Money Map: “Blue-Hot Chips Taking the World by Storm”

By Travis Johnson, Stock Gumshoe, March 1, 2008

Several of you have undoubtedly seen this email come across your screens in the last week or two, it’s been in pretty heavy rotation as far as I can see.

And it’s an ad for just the kind of investments many folks are looking for these days: foreign “blue chip” stocks. The newsletter being teased here is the Money Map VIP Trader, which apparently is worth $3,400 a year but is currently “on sale” for $995.

They’re promising that their next seven picks will be winners or they’ll pay you … I’d read the small print on that one if you’re actually interested in it, but perhaps they’re being genuine. What sounds interesting here are the teaser companies, and there are two:

A dominant and growing force in regional aircraft.

and

A high-tech Cement titan.

It turns out that these are both companies based in Latin America, though I don’t think he says as much in the ad. What he does say is that “The two recommendations in our free white paper report are set for gains totaling 782%. And you can get them in less than an hour.”

Or, unless you’re a reallllly slow reader, you can just continue on down the road here with your friendly neighborhood Gumshoe … I may be wordy, but I won’t make you wait an hour. Or charge you a thousand clams.

Horacio Marquez, the editor of the newsletter, gives us several clues — and I have to offer him a fond word, too, because unless I’m missing something this is the first big ‘ol email teaser I’ve seen that actually has endnotes. He cites the sources for all the facts he claims, including the market caps of these companies, the newspaper articles about trends in their sectors, etc. Nice work, Horacio, even if you did apparently refer to Foreign Policy magazine as the “top-secret Global Economics Paper. I hope you got extra credit from the professor.

The clues?

About the regional aircraft company:

“Right now, one out of every two regional jet aircraft sold in the world come from this astounding company.”

“Our method has just identified this Blue Hot as the only company outside of China that’s contracted to deliver regional jets to this white-hot market… “

(Presumably, “our method” involves more than reading the newspaper … though I wouldn’t be so sure.)

“This Blue Hot has just contracted with a major Chinese company to produce regional jets for the Chinese market at a joint plant in Harbin. Now here’s the thing. China will need an estimated 2,130 regional and executive jets in the coming years.”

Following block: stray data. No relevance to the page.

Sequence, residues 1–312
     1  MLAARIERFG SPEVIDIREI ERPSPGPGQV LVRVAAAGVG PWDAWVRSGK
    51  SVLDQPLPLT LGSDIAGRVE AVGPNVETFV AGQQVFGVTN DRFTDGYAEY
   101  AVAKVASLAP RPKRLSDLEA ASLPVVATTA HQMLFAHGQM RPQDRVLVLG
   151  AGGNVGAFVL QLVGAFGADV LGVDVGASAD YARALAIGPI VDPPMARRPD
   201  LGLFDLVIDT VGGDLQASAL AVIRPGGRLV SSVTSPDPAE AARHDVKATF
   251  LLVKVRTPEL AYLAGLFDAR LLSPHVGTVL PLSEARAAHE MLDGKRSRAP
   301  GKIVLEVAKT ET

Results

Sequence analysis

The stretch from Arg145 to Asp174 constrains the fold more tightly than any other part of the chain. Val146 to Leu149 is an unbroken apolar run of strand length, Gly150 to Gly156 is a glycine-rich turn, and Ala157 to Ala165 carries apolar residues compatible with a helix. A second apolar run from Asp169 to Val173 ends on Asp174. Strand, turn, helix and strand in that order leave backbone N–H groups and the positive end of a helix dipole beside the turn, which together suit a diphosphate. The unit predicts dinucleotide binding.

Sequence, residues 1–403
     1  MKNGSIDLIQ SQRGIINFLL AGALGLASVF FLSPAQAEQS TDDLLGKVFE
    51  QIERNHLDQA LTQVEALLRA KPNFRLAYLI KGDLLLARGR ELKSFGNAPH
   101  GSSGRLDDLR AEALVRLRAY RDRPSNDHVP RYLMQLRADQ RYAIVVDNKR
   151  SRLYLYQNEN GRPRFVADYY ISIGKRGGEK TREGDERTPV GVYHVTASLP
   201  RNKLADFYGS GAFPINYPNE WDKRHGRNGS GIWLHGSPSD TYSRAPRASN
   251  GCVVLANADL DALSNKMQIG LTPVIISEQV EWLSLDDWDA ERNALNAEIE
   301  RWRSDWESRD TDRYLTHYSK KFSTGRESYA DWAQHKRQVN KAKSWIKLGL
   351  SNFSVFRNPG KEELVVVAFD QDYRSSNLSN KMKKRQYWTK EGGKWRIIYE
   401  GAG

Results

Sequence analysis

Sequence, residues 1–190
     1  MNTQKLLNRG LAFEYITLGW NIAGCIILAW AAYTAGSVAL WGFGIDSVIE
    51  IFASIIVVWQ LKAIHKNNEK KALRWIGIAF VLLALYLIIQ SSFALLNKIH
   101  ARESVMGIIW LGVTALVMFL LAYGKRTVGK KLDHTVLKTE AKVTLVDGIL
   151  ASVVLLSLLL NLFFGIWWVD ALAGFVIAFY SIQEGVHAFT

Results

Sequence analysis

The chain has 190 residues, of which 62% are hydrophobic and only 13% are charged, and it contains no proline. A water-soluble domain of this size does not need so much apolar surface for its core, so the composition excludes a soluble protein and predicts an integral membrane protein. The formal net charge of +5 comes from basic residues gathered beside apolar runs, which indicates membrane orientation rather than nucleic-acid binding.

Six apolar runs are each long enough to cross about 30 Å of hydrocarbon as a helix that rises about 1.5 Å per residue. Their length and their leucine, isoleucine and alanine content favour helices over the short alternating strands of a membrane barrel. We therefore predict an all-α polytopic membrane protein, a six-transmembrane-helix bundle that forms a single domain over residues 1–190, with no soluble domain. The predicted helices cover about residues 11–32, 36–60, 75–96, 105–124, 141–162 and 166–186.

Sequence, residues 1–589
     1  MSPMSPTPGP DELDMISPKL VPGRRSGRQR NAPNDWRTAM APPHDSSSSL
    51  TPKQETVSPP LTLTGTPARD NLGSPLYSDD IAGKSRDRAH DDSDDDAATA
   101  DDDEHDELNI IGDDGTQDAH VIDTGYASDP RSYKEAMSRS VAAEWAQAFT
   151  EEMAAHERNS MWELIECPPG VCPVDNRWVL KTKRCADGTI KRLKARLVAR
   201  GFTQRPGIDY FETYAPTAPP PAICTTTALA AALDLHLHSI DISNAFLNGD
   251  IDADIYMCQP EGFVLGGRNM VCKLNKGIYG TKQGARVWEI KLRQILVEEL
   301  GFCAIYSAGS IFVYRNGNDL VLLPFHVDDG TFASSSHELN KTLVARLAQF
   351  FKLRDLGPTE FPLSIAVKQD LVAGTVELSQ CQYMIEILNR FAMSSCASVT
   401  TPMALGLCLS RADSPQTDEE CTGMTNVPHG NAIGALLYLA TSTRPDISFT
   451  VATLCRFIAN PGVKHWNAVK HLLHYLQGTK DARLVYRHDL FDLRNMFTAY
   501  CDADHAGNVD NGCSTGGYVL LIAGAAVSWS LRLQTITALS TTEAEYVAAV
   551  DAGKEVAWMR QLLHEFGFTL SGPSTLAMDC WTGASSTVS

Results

OK, so there are many more quotes and footnotes should anyone wish to wade through them … but the Thinkolator has been in idle, tapping it’s foot, for ten minutes now. This regional jet superstar is clearly …

Empresa Brasileira de Aeronutica S.A, more commonly known as Embraer (ERJ)

This is indeed a small company in relation to the behemoths like Airbus or Boeing, and even significantly smaller than competitor Bombardier, but it’s probably the fourth largest private plane manufacturer unless there are still some biggies in Russia. It’s valued at just about $8 billion.

I also like this company and have looked into it before, but always found it just a hair too expensive for my tastes — and it still is, arguably. I expect they will continue to do well, and I agree that they’re in the sweet spot as they build the small 80-120 seat planes that the airlines seem to want, especially the new airlines of Asia and the developing world who are trying to increase service to dramatically underserved areas.

The positives are that they are a strong competitor in this market, they’re moving up into slightly bigger planes (100-130 seats), and they have worldwide exposure and do indeed have some planes going to China.

The negatives are that they’re fairly expensive on valuation, depending on how you peg their growth — the trailing PE is around 20. I don’t know much about the company operationally, but the other potential negative on the macro scale is currency — the Brazilian Real has been on a tear, so Brazilian exporters of large capital goods must be facing some significant margin compression when they sell in dollars. Still, Brazil is quite low-cost so I imagine they’re still doing fine — their profit margin is comparable to Boeing’s, at least upon a quick glance.